It was the architect and philosopher Frank Lloyd Wright who famously said: "A professional is someone who does his best work when he feels least like working." His words have been much on my mind after noticing a headline in The Stage, the actors' weekly trade paper in the UK: Outrage as passport office says 'acting is not a proper job'.
According to the article, a jobbing thespian, Michael Sheldon, had provided a reference on a passport application for his daughter's boyfriend, which was subsequently turned down because Mr Sheldon's profession - "actor" - was not regarded as suitable to qualify him as a reliable referee. The irony is that if professional competence were a true yardstick of respectability, most actors would pass with flying colours while those who guard the ports and airports would soon be looking for another job.
Last November, the head of the UK border force, Brodie Clarke, was forced to resign after it was discovered that checks at Heathrow Airport for arriving passengers had been temporarily relaxed to relieve congestion at passport control.
Then only last month, it was revealed that the biometric chip scanners installed at a number of ports had been deactivated on no fewer than 14,800 occasions between January and June of last year. Another half a million individuals travelling by Eurostar entered the country unchecked.
You might have thought that such blunders would have been enough to ensure that anyone claiming to be a "passport officer" would blush with shame. Yet it's actors such as Mr Sheldon and his like (including yours truly) who are seen as vagabonds and wastrels.
The reality for those who work in showbiz is that while we're welcome at parties (perennial questions include: "Have I seen you on the telly?" and "How do you learn your lines?"), we're regarded as akin to axe murderers.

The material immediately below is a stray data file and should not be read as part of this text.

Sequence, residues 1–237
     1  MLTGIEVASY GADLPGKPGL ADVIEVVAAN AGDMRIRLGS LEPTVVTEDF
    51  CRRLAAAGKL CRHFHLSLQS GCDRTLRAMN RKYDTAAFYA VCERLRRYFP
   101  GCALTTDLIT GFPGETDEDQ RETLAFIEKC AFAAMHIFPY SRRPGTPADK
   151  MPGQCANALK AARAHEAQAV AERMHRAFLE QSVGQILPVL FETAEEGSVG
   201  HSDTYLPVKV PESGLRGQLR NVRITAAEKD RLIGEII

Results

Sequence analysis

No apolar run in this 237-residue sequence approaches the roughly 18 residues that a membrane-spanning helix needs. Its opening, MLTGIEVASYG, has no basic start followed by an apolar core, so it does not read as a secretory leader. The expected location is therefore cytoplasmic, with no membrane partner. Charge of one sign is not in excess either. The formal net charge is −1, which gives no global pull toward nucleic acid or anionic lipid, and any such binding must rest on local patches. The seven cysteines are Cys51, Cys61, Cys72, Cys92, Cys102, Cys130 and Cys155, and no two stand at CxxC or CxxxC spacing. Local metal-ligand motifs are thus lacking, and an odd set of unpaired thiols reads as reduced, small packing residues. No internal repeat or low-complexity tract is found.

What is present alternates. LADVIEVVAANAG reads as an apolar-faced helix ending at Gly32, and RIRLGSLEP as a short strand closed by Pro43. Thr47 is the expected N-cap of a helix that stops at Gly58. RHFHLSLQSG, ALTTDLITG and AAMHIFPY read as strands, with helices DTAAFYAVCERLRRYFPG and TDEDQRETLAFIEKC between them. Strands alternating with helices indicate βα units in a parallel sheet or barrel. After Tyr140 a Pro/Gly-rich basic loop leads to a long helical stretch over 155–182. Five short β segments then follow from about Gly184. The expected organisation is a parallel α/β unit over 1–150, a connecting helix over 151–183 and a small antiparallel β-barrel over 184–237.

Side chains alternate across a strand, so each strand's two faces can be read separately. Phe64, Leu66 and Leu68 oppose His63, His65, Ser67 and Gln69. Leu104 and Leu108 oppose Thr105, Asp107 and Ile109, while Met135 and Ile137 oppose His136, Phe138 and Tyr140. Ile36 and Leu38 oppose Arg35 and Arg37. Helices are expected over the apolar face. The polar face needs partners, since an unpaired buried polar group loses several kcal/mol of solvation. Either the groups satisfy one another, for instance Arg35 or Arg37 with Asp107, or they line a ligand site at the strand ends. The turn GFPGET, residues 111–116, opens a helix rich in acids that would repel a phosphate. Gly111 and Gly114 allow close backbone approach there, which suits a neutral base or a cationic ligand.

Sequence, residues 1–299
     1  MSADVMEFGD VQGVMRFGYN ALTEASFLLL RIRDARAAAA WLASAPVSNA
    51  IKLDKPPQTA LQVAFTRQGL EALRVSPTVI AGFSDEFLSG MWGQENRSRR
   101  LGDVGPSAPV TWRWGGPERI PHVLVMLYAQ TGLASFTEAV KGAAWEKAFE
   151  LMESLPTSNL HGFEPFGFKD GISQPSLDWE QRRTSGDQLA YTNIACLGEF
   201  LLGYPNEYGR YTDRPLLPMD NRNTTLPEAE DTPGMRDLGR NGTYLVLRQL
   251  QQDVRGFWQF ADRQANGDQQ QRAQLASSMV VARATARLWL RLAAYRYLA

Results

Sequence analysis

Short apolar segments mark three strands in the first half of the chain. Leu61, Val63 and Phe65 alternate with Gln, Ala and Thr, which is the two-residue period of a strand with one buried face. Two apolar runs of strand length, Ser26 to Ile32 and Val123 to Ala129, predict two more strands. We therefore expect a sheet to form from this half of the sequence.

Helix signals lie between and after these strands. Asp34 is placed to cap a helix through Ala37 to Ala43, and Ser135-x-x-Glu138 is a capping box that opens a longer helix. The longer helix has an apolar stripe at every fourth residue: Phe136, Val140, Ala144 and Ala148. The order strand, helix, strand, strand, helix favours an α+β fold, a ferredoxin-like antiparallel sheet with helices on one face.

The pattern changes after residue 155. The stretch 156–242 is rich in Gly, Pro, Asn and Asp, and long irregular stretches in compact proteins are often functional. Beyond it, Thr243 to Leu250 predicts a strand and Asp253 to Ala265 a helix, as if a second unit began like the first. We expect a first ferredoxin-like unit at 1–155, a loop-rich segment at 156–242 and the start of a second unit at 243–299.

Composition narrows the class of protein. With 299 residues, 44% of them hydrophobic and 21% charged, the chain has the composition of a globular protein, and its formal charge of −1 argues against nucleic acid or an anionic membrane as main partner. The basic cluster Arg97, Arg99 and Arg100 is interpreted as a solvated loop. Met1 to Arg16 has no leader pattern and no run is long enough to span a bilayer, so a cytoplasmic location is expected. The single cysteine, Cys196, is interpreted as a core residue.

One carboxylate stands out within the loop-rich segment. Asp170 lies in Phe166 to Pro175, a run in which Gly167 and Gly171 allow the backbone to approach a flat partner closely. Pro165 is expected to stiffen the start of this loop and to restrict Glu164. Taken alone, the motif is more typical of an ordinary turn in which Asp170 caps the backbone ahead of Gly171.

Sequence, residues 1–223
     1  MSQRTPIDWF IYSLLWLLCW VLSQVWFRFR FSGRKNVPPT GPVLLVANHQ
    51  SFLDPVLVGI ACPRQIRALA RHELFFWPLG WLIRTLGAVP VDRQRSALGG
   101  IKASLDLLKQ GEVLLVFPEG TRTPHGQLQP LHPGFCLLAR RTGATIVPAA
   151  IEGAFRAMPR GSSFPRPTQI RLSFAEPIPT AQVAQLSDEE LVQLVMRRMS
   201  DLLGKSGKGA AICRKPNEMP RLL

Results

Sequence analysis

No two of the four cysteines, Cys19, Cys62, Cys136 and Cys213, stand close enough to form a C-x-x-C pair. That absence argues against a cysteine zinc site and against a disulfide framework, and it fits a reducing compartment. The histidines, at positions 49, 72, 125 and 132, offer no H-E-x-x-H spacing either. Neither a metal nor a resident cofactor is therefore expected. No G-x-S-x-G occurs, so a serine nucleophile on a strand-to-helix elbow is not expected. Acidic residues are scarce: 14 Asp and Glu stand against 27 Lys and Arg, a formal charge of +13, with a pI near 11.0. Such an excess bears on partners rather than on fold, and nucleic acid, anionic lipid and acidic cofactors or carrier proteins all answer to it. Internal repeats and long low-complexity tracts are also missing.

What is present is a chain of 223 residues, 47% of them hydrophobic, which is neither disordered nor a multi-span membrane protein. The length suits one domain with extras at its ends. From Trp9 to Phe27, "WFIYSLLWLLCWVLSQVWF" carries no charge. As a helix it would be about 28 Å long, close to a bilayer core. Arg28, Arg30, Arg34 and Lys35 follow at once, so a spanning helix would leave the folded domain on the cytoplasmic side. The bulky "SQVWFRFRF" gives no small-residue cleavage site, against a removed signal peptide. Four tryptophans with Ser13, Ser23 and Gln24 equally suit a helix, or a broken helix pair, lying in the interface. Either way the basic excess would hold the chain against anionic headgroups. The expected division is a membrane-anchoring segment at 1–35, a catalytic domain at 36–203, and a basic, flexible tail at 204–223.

Actors are viewed as feckless, loose-living ne'er-do-wells with few morals and even fewer scruples, who are to be treated with caution when we are not standing in doublet and hose spouting Shakespearean sonnets.
The truth of this was demonstrated to me years ago when, as a young actor and having just passed my driving test and acquired my first car, I tried to get motor insurance. When I visited the offices of a well-known firm, the young man behind the desk was initially delighted to help me fill in the application - name, age, type of cover required, etc - but all this changed once we reached the box marked "occupation".
"I"m an actor," I said proudly, already anticipating his response (surely, "Have I seen you on the telly?" and "How do you learn your lines?"). Instead, a cloud appeared over his hitherto sunny features.
"Ah, that may be a problem," he answered. "I'm afraid I'll have to refer your request to my supervisor." He picked up the telephone and muttered something to a mysterious presence on the other end.
There then followed a series of questions from my unseen interrogator, each of which had to be relayed to me by the young man at the desk, with my answers laboriously copied out onto the form. Do I work in theatre or film? Am I a leading actor or a supporting one? Can I describe my last three jobs and how many lines did I have in each role?
I gritted my teeth and answered each politely, all the while trying to suppress the desire to ask what on earth any of this had to do with my ability to steer a car.
Finally we got to an even more fatuous query: "My supervisor wants to know if are you are appearing in anything at the moment?"
"Yes, a play in the West End," I answered flintily. He relayed this down the phone to his boss. "My supervisor would like to know what your part entails." he continued.
"It involves me squirting a soda siphon up a Scotsman's kilt!" I replied with barely suppressed rage.
"My supervisor wishes to know whether it is a drama or a comedy?"
"It's a bloody farce!!" I roared, "And so is this!" With which I flounced noisily out the door, vowing never to return.
A few days later, however, I did so, but this time clad in a smart suit and polished shoes, rather than the jeans and trainers of my first foray. Luckily, someone else was at the desk.
"Occupation?" he asked.
"Drama teacher," I replied mildly.
"Ah, teacher! Excellent," he purred. Moments later I was departing with 12 months of motor insurance in my hand.
Michael Simkins is an actor and writer based in London